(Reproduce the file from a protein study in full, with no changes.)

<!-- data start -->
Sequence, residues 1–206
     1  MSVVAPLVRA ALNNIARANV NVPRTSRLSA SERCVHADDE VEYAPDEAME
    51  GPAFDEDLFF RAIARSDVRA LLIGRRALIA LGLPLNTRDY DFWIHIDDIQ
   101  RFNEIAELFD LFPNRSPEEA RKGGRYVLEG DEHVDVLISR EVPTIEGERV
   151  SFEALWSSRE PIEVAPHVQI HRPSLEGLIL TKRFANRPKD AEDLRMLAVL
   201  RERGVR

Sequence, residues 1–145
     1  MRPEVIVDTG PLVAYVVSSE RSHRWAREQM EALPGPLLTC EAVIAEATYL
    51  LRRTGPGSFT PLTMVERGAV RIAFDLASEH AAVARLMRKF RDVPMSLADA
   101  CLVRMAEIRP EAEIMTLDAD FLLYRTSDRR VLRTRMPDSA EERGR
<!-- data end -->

Sequence, residues 1–206
     1  MSVVAPLVRA ALNNIARANV NVPRTSRLSA SERCVHADDE VEYAPDEAME
    51  GPAFDEDLFF RAIARSDVRA LLIGRRALIA LGLPLNTRDY DFWIHIDDIQ
   101  RFNEIAELFD LFPNRSPEEA RKGGRYVLEG DEHVDVLISR EVPTIEGERV
   151  SFEALWSSRE PIEVAPHVQI HRPSLEGLIL TKRFANRPKD AEDLRMLAVL
   201  RERGVR

Sequence, residues 1–145
     1  MRPEVIVDTG PLVAYVVSSE RSHRWAREQM EALPGPLLTC EAVIAEATYL
    51  LRRTGPGSFT PLTMVERGAV RIAFDLASEH AAVARLMRKF RDVPMSLADA
   101  CLVRMAEIRP EAEIMTLDAD FLLYRTSDRR VLRTRMPDSA EERGR